Session 2 - Osteology of the Skull Flashcards Preview

Head, Neck and Neuroanatomy > Session 2 - Osteology of the Skull > Flashcards

Flashcards in Session 2 - Osteology of the Skull Deck (40):
1

The skull consists of how many individual bones?

22

2

The bones of the skull can be broadly divided into what two groups?

Neurocranium (calvaria, cranial floor)
Viscerocranium (facial skeleton, jaw)

3

What are the names of the three depressions that form the cranial floor?

Anterior cranial fossa
Middle cranial fossa
Posterior cranial fossa

4

What are the layers in the trilaminar arrangement of the bones of the calvaria?

Outer table (cortical bone)
Diploeic cavity (cancellous bone)
Inner table (cortical bone)

5

What is the benefit of the trilaminar arrangement in bones of the calvaria?

Gives protective strength without adding significant weight

6

What are sutures in the skull?

Fibrous joints found at intersections between the bones of the skull.

7

What are the three main suture lines?

Coronal
Sagittal
Lambdoid

8

What are fontanelles?

Large areas of unossified membranous gaps between flat bones of the calvaria, found in infants.

9

When do anterior and posterior fontanelles fuse?

Anterior: 18 months - 2 years
Posterior: 1-3 months

10

What is craniosyntosis?

Rare condition where there is early fusion of fontanelles and sutures

11

How can the anterior fontanelle be clinically useful when examining new borns and infants?

Inspection and gentle palpation of the anterior fontanelle can be used to assess the intracranial pressure and state of hydration.

12

What are the two main types of skull fracture?

Linear - through the full thickness of the skull, fairly straight, no bone displacement
Depressed - fragment is displaced inwards towards the brain

13

Fractures involving the cranial base are known as what?

Basilar skull fractures

14

What clinical signs indicate a basilar skull fracture?

Cerebrospinal fluid leaks (e.g. from the nose (CSF rhinorrhea) or from the ears (CSF otorrhea))
Raccoon eyes
Battle’s sign (bruising over the mastoid process)
Haemotympanum (blood behind the ear drum)

15

What is the pterion?

The thinnest area of the skull. Relatively easy to fracture.

16

What blood vessel underlies the pterion?

Middle meningeal artery (anterior branch)

17

Bleeding from the middle meningeal artery will result in what kind of haematoma?

Extradural haematoma

18

The large number of foramina found in the cranial floor increase its vulnerability to what?

Fracture, if significant force is transmitted through the skull base

19

What are the different types of intracranial heamatoma?

Epidural/extradural
Subdural
Subarachnoid
Intracerebral

20

What is the only moveable joint of the skull?

Temporomandibular joint (TMJ)

21

Facial fractures most commonly involve which bones?

Nasal bones (because of the prominence of the nose), the zygomatic bone and the mandible.

22

What structures run through the foramen magnum?

Medulla
Meninges
Vertebral arteries
Spinal accessory nerve (ascending)
Duran veins
Anterior and posterior spinal arteries

23

What structures run through the internal acoustic meatus?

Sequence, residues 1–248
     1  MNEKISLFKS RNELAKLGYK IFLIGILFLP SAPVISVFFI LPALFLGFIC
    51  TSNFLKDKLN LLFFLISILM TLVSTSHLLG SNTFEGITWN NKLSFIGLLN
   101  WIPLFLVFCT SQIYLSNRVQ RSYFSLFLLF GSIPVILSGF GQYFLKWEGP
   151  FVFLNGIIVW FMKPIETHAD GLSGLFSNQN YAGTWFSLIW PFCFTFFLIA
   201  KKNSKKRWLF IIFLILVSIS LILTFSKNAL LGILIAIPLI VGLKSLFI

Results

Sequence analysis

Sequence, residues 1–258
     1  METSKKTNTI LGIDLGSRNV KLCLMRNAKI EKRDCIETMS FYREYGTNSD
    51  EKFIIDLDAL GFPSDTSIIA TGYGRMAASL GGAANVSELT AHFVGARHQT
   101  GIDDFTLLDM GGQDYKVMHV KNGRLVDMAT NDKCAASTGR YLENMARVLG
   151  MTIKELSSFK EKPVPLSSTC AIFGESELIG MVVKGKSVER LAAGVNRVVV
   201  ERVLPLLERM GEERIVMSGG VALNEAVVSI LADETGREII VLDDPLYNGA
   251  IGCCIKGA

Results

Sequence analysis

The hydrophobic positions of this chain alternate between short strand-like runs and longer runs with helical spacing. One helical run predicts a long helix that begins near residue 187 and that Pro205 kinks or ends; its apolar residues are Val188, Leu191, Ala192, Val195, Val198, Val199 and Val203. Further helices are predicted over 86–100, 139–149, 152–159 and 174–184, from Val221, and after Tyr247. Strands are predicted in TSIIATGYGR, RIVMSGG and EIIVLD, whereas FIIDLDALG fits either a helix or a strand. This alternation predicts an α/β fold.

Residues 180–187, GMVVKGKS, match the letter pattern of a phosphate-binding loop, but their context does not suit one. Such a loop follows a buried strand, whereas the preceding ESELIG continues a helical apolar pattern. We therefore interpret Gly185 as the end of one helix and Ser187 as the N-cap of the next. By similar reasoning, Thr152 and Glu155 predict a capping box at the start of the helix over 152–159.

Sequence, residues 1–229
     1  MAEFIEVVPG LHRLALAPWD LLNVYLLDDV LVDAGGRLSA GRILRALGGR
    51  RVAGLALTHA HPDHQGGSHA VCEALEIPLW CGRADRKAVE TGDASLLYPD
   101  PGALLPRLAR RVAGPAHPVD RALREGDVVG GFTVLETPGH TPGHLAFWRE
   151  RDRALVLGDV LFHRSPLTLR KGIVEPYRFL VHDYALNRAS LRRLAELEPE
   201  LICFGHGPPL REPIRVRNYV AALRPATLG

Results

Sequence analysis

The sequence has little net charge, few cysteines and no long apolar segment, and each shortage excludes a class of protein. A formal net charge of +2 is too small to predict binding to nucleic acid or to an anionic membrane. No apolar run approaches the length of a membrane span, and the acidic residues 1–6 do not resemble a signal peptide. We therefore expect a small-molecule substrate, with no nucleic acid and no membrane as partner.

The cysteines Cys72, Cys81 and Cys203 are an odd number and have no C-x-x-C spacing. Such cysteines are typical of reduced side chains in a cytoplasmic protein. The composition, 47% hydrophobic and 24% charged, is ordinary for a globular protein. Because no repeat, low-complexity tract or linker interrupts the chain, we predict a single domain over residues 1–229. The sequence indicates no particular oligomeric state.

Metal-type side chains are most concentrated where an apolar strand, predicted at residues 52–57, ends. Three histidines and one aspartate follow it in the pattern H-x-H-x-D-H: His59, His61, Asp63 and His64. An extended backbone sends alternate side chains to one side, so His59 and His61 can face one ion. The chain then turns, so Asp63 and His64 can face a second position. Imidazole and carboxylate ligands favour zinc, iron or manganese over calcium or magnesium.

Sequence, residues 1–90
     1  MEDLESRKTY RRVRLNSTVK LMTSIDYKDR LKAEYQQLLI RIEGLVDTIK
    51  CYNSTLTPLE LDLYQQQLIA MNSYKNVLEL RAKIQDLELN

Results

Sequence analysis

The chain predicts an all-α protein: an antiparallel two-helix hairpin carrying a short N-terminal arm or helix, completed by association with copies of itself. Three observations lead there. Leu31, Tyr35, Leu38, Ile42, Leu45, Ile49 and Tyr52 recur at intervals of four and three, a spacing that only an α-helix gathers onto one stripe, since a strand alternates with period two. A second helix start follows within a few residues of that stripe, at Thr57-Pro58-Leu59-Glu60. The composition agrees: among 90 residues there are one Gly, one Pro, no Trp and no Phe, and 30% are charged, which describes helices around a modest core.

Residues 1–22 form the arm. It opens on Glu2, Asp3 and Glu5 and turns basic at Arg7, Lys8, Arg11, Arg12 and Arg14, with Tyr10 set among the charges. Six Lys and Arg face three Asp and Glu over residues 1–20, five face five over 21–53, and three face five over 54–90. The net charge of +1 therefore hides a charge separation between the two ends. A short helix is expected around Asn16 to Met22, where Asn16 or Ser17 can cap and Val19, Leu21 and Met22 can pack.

Facial nerve (CN VII)
Vestibulocochlear nerve (CN VIII)
Labrynthine artery

24

What structures run through the jugular foramen?

Glossopharyngeal nerve (CN IX)
Vagus nerve (CN X)
Spinal accessory nerve (descending) (CN XI)
Internal jugular vein
Inferior petrosal sinus
Sigmoid sinus
Meningeal branches of the ascending pharyngeal and occipital arteries

25

What structure runs through the hypoglossal canal?

Hypoglossal nerve (CN XII)

26

The crista galli is found in the midline of which bone?

Ethmoid bone

27

What structures run through the cribriform foramina?

Olfactory nerve fibres (CN I)

28

Other than the cribriform foramina, what other two foramina are found in the cribriform plate?

Anterior ethmoidal foramen
Posterior ethmoidal foramen

29

What structures run through the superior orbital fissure?

Oculomotor nerve (CN III)
Trochler nerve (CN IV)
Ophthalmic branch of the trigeminal nerve (CN Va)
Abducens nerve (CN VI)
Ophthalmic veins
Sympathetic fibres

30

What structures run through the optic canals?

Optic nerves (CN II)
Ophthalmic arteries

31

What groove runs transversely between the two optic canals?

Chiasmatic sulcus

32

Foramen rotundum transmits what structure?

The maxillary branch if the trigeminal nerve (CN Vb)

33

Foramen rotundum opens into what fossa?

Pterygopalatine fossa

34

Foramen ovale transmits what structures?

Mandibular branch of the trigeminal nerve (CN Vc)
Accessory meningeal artery

35

Foramen ovale opens into what fossa?

Infratemporal fossa

36

Foramen spinosum transmits what structures?

Middle meningeal artery
Middle meningeal vein
A meningeal branch of CN Vc

37

Foramen spinosum opens into what fossa?

Infratemporal fossa

38

The carotid canal transmits what structures?

Internal carotid artery
Deep petrosal nerve

39

Through which foramina do the different branches of the trigeminal nerve run?

Opthalmic (CN Va) - superior orbital fissure
Maxillary (CN Vb) - foramen rotundum
Mandibular (CN Vc) - foramen ovale

40

Which two foramina provide a connection between the infratemporal fossa and the cranial cavity?

Foramen ovale
Foramen spinosum